In its reply the defendant claims that these cases are distinguishable since they involved a suit subsequent to the entry of judgment against the insured -- not an attempt to recover defense costs in an ongoing lawsuit. In Colton, however, the court declined to dismiss a third-party complaint brought by the defendant insureds against their insurance company for refusing to defend them in the underlying action. 527 F.2d at 298. The insurer/third-party defendant argued that the complaint should be dismissed because the contract contained a no-action and a no-impleader/joinder clause and because Illinois law prohibited direct actions (and, by implication, impleader) until a final judgment had been entered against the insured. Id. at 299. The court held that when an insurer refuses to defend its insured, the inclusion of the no-action clause does not bar impleader to determine the insurer's liability to the insured -- even though judgment has not yet been entered against the insureds. Id. at 301-03. Furthermore, the court noted, "questions of an insurer's duty to defend are ripe for declaratory relief." Id. at 303 (citing Sears, Roebuck & Co. v. Zurich Ins. Co$ N., 422 F.2d 587, 589 (7th Cir. 1970)). Thus, similar declaratory actions in the context of an ongoing lawsuit against the insured have not been deemed premature. See also Fireman's Fund$ N, 30 Ill. App. 2d at 72, 173 N.E.2d at 544 (declaratory judgment by one insurer who was still defending insured at time of suit). Accordingly, the defendant's arguments are without merit, and the court denies the motion to dismiss.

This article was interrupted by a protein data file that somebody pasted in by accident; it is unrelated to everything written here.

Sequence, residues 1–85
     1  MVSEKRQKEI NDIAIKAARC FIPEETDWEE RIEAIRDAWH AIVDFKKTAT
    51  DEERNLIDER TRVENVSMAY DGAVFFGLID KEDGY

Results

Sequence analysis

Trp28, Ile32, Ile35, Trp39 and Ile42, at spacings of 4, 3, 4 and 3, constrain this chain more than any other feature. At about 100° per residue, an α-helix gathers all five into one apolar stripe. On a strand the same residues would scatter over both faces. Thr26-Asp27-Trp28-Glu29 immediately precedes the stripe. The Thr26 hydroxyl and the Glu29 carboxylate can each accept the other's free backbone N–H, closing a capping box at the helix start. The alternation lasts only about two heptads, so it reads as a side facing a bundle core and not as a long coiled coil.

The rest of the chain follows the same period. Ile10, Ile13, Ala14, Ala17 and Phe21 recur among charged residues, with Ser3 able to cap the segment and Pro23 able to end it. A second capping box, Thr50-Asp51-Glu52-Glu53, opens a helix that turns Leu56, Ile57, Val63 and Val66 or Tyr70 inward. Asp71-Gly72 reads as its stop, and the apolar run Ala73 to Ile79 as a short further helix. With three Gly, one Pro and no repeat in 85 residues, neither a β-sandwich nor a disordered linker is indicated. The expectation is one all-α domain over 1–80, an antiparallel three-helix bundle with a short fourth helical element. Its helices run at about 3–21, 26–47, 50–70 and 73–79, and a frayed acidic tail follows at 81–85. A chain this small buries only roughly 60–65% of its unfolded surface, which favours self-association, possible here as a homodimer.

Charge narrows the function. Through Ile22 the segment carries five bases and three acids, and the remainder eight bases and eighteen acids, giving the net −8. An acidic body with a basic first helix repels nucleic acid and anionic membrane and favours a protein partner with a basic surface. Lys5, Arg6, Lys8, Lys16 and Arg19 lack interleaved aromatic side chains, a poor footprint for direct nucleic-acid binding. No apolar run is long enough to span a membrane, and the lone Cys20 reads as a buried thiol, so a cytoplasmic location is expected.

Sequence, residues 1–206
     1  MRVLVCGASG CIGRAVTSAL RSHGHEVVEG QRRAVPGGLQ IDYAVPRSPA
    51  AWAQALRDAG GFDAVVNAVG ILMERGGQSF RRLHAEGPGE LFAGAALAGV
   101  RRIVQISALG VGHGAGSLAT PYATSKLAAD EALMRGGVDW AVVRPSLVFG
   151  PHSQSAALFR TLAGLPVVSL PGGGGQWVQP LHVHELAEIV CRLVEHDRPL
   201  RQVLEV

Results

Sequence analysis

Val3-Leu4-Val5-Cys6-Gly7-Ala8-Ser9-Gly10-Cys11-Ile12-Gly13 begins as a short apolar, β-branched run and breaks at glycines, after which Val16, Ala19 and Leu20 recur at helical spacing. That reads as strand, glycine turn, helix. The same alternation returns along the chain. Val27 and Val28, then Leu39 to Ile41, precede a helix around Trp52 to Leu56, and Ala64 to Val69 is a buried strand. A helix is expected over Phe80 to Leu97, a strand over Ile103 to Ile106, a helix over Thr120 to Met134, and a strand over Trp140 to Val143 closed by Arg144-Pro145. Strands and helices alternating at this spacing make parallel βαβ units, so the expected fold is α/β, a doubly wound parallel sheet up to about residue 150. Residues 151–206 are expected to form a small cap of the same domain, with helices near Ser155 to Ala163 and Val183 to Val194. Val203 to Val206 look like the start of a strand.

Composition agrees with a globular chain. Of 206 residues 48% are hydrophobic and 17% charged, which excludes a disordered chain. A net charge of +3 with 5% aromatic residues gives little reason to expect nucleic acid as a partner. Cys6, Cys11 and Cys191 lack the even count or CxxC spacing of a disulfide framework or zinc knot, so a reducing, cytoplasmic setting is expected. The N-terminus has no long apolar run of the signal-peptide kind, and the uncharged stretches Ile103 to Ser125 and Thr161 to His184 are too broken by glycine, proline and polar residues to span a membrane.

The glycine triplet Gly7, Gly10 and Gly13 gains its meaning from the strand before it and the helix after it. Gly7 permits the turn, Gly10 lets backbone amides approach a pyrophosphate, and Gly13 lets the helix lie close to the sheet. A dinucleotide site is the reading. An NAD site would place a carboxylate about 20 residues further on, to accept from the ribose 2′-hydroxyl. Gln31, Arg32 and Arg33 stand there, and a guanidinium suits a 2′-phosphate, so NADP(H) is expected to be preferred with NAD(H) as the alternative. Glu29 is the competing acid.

IV. MOTION TO DISMISS THE THIRD-PARTY COMPLAINT
After Ranger filed its reply brief in support of its motion to dismiss, it then filed a third-party complaint against the insured, Desnoyers, asking for a declaratory judgment that it is not obligated to defend Desnoyers in the underlying suit. Desnoyers then filed a motion to dismiss the third-party complaint,
alleging that impleader is proper only when the third-party defendant could be liable, in whole or in part, to the third-party plaintiff.
This court agrees. Rule 14, which governs third-party practice, provides as follows: